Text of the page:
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Common Strategies That Teachers Use with Struggling Students

For many students, knowing how to study effectively, how to process the material presented in the classroom, and knowing how to apply knowledge in new contexts is a challenging task. While most parents of struggling students believe that their children will set themselves up for success if they work hard, help from their teachers is […]

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For many students, knowing how to study effectively, how to process the material presented in the classroom, and knowing how to apply knowledge in new contexts is a challenging task. While most parents of struggling students believe that their children will set themselves up for success if they work hard, help from their teachers is sometimes required. On that premise, the following article presents the most common strategies that teachers use to aid struggling students.

The differentiated instruction approach

Differentiated instruction is a student-centered approach to learning. When teachers take a differentiated approach to instruction to address student needs, it involves:

  • Assessing what skills/concepts each student needs to attain (this may be different for different students)
  • Adapting either how the skills or materials are presented or how students will demonstrate their understanding of the concept. 

Such an approach allows students who understand or are advanced in one aspect of a concept to focus on what they still need to learn while their classmates may be focusing on a different skill or concept. 

The scaffolding approach

With the scaffolding approach, the teacher breaks the material down into chunks. These chunks should have a logical order that moves towards a clear objective. The teacher also forms a bridge between what their students already know and what they are learning. These bridges are called scaffolds and can include pictures, charts, and cue cards. Their lessons will likely involve opportunities for students to work alongside the teacher as a guide and then progress to completing the task independently as they gain confidence in their abilities.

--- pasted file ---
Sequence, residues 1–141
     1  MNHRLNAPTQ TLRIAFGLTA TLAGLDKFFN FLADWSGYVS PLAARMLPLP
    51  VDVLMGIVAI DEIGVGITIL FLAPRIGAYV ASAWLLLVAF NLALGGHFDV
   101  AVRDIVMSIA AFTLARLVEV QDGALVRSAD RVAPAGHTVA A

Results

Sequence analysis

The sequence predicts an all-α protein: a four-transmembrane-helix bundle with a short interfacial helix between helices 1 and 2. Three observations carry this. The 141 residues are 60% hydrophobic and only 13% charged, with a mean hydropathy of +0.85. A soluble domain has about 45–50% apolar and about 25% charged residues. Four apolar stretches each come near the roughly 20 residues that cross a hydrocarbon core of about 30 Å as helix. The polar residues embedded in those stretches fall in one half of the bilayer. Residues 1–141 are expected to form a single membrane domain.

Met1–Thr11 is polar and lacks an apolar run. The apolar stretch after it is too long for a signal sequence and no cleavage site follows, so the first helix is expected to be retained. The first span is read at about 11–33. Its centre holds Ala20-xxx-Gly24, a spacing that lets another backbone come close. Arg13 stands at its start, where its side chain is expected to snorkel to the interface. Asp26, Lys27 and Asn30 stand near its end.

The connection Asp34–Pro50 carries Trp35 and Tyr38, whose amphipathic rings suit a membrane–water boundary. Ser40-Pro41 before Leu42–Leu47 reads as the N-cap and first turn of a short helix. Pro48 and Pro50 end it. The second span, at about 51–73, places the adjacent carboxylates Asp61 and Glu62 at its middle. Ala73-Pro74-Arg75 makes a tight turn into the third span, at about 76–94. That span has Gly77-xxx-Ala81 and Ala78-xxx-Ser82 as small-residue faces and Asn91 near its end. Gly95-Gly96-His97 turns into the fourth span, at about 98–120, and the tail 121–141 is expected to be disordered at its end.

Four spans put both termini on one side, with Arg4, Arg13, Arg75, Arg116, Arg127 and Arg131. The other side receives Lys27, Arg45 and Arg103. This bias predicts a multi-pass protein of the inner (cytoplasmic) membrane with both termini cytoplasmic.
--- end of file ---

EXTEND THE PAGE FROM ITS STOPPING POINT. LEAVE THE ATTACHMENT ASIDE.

The mnemonics approach

The mnemonics approach denotes utilizing memorable phrases, acronyms, or abbreviations to remember specific information more easily. An example of a mnemonic device would be using “Roy G Biv” to remember the order of the colors in the rainbow (Red, Orange, Yellow, Green, Blue, Indigo, & Violet). Another would be “Pretty Please My Dear Aunt Sally” to remember the mathematical order of operations (Parentheses, Powers, Multiplication, Division, Addition, & Subtraction.)This method can also aid students in learning vocabulary more quickly. 

The multisensory instruction approach

The multisensory instruction approach denotes linking what the students hear, what they see, how they feel, and how they move. Students often have an easier time remembering information delivered in ways that use multiple senses in the process. This is why lab experiments, visual aids, and music can be excellent ways to engage students and boost their ability to retain what they’ve learned. 

While not all teachers use each of these methods, it can help parents understand the various approaches. If your child struggles with particular concepts or skills, it’s a good idea to reach out to your child’s teacher and work with them to determine the best way to help your child succeed.

This article was originally published on dredwardthalheimer.co.

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